What success stories can you share? In what ministries of your parish is “discipleship thinking” the norm? In what areas is Christian discipleship not yet the standard for ministry?

At the beginning of the chapter, I confess, I was experiencing real feelings of jealousy as I read about the dynamic parish the author described. The pews are full! The kids are there! Everyone’s engaged! Why can’t my parish have that?

I started thinking about the capital campaign that my parish is currently running. In the parish described in chapter 3, that wouldn’t even be an issue. Of course, the parish described in chapter 3 has not just gone through a parish merger within the last 5 years. Want to mess with people’s connection to the Church? Merge (or close) their parish. There has to be a better way. I think our parish has weathered the storm better than many others in the area, but it has been difficult in many ways and, yes, many people have walked away.

But then I started thinking about “charism.” On page 92, “charism” is described as a “‘gratuitious grace’ given to a member of the body of Christ to empower him or her to build up the Church and to witness Christ to the world.” And I started thinking about what’s on my calendar for tonight.

My charism is music. Music, for me, is a way to serve, a way to pray, a way to build community. When I was a fourth-grader beginning piano lessons, my music teacher encouraged all her students to occasionally come with her to the Masses she played at a local parish. She would play the organ, and we children would sing. Two songs that were always on the menu:  “Seek Ye First” and “All Creatures of Our God and King.” In harmony–with almost no rehearsal. I was blessed to have the experience, at the age of 9, 10, 11 years old, of using song as a form of worship. I have never stopped.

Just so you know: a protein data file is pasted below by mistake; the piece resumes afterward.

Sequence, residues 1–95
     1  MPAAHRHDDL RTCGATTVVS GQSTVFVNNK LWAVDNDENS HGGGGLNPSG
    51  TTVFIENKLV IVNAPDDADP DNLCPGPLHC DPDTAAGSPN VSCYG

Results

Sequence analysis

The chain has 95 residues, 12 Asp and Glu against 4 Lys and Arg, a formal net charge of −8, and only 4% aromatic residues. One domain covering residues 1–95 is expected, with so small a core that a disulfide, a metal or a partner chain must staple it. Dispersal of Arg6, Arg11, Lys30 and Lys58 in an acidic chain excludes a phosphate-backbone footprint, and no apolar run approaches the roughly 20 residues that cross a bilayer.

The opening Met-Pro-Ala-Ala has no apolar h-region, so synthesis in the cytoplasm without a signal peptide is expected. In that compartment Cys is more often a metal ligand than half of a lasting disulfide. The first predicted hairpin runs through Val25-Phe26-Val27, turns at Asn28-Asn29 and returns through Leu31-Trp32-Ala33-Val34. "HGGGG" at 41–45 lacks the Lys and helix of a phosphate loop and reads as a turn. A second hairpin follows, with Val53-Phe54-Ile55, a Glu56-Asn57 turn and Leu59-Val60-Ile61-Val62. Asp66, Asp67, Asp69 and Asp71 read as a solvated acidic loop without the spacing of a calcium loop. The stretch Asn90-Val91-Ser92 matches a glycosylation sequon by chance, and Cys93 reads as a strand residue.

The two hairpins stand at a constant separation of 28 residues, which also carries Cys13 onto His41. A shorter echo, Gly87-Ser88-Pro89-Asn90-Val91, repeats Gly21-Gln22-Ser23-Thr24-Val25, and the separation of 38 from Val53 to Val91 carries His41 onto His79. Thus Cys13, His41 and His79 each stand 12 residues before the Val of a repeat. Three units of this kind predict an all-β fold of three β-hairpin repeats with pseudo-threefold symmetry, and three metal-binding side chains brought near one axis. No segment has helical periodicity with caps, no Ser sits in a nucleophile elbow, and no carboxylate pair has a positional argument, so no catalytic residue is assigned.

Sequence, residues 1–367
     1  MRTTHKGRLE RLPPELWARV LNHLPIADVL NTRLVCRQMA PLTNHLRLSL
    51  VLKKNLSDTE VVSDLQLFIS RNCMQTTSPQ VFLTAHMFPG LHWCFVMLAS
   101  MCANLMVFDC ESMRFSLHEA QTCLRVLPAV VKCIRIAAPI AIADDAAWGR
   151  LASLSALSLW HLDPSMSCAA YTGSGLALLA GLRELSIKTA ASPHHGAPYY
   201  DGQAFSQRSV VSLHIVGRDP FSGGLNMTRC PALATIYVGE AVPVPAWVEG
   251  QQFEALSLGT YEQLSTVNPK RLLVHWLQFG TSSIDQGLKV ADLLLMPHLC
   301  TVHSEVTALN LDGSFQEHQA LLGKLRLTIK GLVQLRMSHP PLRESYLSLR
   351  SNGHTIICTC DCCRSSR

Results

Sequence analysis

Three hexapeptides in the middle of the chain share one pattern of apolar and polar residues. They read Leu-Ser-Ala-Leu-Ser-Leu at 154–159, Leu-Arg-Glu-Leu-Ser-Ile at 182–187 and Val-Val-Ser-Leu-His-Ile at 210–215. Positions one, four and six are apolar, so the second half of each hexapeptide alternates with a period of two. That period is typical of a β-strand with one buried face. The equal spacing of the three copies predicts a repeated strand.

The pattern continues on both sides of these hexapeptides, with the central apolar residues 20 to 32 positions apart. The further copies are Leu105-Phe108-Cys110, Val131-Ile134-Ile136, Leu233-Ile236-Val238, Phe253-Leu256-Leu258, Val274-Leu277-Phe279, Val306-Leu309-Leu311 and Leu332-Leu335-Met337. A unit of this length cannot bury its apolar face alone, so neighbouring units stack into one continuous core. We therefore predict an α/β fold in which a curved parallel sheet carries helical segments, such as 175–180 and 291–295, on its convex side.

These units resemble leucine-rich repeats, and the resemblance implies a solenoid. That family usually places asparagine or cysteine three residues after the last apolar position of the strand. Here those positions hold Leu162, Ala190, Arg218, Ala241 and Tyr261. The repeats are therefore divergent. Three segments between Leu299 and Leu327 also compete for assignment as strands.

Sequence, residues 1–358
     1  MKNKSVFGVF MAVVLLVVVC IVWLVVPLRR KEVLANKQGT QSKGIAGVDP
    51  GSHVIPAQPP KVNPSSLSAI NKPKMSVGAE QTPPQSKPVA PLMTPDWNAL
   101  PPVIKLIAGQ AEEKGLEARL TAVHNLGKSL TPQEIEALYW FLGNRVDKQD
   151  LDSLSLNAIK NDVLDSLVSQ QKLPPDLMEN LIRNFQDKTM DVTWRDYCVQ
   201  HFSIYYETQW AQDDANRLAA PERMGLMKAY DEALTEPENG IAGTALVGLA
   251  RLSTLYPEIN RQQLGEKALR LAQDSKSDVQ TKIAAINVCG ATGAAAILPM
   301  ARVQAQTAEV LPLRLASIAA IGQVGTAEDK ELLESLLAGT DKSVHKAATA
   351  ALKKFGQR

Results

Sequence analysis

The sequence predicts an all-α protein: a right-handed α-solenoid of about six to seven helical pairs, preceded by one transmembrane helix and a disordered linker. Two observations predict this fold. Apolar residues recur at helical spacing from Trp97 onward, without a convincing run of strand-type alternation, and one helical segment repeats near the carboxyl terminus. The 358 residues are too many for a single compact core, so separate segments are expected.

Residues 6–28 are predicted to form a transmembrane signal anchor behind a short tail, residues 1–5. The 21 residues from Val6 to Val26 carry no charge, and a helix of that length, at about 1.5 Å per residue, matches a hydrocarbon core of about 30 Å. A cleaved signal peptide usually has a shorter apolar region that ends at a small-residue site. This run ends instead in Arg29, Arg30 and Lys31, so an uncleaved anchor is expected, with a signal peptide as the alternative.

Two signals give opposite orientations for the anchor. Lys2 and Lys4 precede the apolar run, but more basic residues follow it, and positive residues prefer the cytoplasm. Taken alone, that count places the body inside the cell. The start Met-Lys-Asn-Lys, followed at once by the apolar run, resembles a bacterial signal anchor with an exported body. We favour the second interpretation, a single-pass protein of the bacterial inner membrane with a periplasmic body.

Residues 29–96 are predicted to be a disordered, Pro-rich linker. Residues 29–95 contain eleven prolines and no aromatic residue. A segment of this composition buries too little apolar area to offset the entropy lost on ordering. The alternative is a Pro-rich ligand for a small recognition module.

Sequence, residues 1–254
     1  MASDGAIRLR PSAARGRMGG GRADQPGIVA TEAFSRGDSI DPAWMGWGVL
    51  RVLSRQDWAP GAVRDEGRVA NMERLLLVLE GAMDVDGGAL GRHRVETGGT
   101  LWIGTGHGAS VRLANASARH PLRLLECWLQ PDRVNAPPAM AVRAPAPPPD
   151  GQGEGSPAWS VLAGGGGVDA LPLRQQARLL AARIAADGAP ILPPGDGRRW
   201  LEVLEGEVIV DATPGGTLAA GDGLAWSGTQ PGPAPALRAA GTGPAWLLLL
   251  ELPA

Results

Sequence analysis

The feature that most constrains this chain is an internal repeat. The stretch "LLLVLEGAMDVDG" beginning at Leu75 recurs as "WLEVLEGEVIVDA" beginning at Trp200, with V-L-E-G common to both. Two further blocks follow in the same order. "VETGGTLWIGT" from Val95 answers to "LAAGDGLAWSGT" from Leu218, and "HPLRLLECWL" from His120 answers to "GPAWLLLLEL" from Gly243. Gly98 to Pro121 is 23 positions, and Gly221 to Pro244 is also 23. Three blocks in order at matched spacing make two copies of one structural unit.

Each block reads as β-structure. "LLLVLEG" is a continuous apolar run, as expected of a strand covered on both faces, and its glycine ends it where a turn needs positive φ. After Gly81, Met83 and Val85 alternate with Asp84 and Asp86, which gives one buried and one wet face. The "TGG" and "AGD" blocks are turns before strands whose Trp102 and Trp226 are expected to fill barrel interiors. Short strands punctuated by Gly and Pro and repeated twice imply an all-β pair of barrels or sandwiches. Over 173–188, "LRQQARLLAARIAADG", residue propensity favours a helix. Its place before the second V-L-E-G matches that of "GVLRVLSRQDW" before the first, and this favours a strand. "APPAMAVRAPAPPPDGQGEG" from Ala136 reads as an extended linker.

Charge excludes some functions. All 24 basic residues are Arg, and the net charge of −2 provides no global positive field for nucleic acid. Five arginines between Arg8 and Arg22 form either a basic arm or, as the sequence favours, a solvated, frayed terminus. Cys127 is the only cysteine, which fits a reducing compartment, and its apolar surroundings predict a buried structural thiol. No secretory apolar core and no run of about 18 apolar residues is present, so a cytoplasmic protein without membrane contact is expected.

For over 30 years I have been part of folk groups–at the various parishes where I’ve lived and at the music ministries of 3 universities. In my current parish, I believe that our folk group has become for me (and I hope for others) a means to discipleship.

Folk groups are not the most popular ensembles for church music these days. And I will be the first to admit that there are times when we are not as reverent as we could and should be. However, we know what we are there to do, and we take that very seriously. We are not there to perform for the priest, the congregation, or for God. We are there to lead the congregation in sung prayer.

When we get together for our Wednesday night practice (also known as folk-group therapy) we are intentional about making sure the hymns we use are accessible to the assembly. Sometimes that means we transpose the music. Sometimes that means we rearrange the hymn selection within the Mass, or swap out one hymn for another as needed. We smile when we see little kids dancing in the pews to the entrance hymn. That means they are feeling the joy that we feel as we play and sing. Our goal is always to sing it like we mean it–and to inspire the assembly to do the same. When people approach us and tell us that we make it easy for them to be able to sing at Mass, we know we are doing our job.

I am blessed to be part of the folk group at my parish. We make a commitment to get together to rehearse each week. During that rehearsal, we practice the music. We discuss the lyrics. We share what we do (or do not) like about particular hymns. All of that makes us better musicians and better ministers. We also laugh together (a lot) and even cry together. Our bond has made us better friends and better ministers.

Hopefully it is making us better disciples.